From Big Tech and Censorship:

On January 7th Facebook issued an “indefinite” suspension of Donald Trump. Twitter followed with a permanent ban a day later. Snapchat and YouTube barred him. An array of other accounts were suspended. […]

Surely this was acceptable in the face of a mob on the rampage? Legally, private companies can do as they choose. However, some decisions lacked consistency or proportionality. Although Twitter cited a “risk of further incitement of violence” by Mr Trump, the tweets it pointed to did not cross the common legal threshold defining an abuse of the constitutional right to free speech. Meanwhile Ayatollah Ali Khamenei is still on Twitter and death threats are easy to find online. The companies ought to have focused on individual posts for incitement. Instead they have banned people, including the president, pushing fringe voices further from the mainstream.

I would argue that the president (any president) is entitled by our democratic values to be given more latitude in his political speech than the average person. The office of the president is our most important political office and the role of that office is to advance a political agenda. Regardless of which party the president belongs to, the odds are reasonably good that about half the country is going to dislike many aspects of that agenda. And some nontrivial subset of that half is going to be absolutely consumed with white-hot fury over it.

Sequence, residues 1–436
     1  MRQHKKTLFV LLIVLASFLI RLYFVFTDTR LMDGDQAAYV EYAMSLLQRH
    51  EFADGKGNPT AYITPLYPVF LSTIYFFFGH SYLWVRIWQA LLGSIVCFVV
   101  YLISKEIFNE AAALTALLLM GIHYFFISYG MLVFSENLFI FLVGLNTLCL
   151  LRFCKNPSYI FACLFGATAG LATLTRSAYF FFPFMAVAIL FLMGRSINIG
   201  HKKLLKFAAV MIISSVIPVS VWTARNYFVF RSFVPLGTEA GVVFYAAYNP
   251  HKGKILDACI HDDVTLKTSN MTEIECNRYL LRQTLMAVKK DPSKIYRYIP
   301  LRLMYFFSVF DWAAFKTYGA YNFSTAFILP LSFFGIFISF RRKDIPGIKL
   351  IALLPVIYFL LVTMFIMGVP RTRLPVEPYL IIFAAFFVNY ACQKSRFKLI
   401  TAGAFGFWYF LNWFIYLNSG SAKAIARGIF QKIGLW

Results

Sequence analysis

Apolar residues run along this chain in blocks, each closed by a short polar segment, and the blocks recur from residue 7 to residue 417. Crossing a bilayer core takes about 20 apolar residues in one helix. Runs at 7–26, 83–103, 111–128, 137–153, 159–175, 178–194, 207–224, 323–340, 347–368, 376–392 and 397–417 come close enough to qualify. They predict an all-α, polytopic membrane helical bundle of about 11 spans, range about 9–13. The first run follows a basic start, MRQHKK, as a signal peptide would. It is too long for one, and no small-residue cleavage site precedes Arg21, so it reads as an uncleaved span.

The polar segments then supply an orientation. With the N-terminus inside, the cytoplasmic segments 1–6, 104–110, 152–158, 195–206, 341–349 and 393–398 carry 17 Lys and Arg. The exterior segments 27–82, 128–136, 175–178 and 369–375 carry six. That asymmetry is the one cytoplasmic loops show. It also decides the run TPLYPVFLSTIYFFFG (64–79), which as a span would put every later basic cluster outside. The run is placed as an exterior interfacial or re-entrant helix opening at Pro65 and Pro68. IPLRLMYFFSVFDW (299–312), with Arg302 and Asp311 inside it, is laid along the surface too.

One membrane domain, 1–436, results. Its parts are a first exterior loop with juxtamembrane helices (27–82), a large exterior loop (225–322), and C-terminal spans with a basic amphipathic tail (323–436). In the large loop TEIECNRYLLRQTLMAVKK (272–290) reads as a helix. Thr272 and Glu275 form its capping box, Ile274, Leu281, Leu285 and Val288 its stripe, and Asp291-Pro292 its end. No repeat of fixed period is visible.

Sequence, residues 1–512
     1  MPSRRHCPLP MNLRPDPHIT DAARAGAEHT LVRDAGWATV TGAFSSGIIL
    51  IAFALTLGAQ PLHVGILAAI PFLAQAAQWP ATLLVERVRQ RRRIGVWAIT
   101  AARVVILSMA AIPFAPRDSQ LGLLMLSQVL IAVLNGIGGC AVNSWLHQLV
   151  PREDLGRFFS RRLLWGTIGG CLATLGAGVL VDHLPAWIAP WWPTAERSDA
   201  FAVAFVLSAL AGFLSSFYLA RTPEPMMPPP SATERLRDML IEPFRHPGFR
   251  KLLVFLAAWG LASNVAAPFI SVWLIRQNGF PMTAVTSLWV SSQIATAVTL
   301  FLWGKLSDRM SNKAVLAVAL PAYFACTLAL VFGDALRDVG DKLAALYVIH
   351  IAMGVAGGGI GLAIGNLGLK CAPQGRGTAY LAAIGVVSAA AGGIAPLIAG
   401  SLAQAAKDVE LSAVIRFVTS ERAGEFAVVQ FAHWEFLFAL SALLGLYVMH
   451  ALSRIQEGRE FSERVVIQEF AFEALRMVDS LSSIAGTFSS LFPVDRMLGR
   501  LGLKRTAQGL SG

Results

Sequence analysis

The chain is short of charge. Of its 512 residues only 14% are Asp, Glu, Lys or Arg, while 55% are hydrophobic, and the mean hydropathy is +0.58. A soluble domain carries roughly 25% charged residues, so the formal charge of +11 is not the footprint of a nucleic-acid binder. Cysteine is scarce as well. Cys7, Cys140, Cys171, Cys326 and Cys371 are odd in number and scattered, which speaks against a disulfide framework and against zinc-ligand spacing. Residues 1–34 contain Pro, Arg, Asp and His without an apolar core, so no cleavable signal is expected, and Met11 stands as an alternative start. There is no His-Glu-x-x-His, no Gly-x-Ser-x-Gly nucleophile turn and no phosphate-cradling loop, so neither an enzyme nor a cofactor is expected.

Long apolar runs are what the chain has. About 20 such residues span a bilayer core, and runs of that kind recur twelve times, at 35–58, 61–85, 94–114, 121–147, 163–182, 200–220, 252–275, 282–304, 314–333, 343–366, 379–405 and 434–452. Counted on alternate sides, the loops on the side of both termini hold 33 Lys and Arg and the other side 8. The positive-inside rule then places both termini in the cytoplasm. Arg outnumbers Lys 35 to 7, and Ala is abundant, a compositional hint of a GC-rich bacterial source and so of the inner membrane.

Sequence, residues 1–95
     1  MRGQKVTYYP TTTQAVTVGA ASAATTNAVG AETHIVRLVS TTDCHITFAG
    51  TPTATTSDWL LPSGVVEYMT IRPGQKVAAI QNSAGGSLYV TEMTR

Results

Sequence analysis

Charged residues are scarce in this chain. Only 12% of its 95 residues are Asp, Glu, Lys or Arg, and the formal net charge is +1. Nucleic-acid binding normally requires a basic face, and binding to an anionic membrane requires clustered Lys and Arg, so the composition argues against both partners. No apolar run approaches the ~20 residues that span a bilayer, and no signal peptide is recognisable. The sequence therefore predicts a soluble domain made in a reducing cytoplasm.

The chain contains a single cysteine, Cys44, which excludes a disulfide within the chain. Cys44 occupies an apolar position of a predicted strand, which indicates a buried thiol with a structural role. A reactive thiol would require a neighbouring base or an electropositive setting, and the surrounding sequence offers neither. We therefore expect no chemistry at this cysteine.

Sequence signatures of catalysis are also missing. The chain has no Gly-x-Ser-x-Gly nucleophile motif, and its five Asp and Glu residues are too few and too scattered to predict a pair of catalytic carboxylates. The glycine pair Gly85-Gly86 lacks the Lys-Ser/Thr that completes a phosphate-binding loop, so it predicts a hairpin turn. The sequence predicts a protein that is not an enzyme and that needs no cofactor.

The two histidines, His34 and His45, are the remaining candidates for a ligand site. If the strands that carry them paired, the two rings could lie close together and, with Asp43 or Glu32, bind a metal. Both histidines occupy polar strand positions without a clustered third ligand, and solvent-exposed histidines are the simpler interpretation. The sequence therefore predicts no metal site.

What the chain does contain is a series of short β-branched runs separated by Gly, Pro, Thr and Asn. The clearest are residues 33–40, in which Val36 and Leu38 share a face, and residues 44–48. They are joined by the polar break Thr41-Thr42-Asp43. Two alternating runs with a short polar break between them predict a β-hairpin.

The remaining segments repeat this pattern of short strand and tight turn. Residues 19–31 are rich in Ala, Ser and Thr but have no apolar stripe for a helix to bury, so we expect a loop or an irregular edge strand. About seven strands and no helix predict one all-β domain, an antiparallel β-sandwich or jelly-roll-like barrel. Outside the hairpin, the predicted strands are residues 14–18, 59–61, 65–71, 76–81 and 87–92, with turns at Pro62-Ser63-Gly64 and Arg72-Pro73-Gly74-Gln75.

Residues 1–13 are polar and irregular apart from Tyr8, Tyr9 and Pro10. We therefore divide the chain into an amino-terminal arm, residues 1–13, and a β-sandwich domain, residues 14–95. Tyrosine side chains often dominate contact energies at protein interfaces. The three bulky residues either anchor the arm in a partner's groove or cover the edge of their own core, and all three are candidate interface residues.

As a consequence – even setting aside loftier arguments about the rights and privileges of the head of state – one could argue convincingly that the implicitly contentious nature of the presidency requires that the president’s political speech and rhetoric be given wider berth than pretty much anyone else.

And so it was. For years, as president, Donald Trump regularly used social media in ways that were dangerous, irresponsible, or objectionable enough to get the average user banned. (Plenty of his followers were banned for saying the same sorts of things.) And all the while Twitter, Facebook, and the rest struggled with the question of where to draw the line as they performed a series of logical contortions after each new outrage to justify their decisions.

What they had clearly decided is: not only can the president say anything he wants, but that these private companies had some kind of a moral obligation to distribute – let’s be serious: to promote – that speech. And as the duly elected, sitting president, one could argue that this position towards Donald Trump’s speech – unpleasant as it must have been for these companies to feel complicit in it – was nevertheless correct.

However, as the very-soon-to-be-former president who has been rejected by voters, is days away from leaving office, and has been spending his last moments in power shamelessly abusing it, frantically employing these services in a sustained effort to orchestrate an all-out war on our democratic system in a desperate but ultimately futile attempt to cling to power? Well, in this case, it seems Twitter, Facebook and friends have decided less accommodation is owed.

And I think that’s correct, too.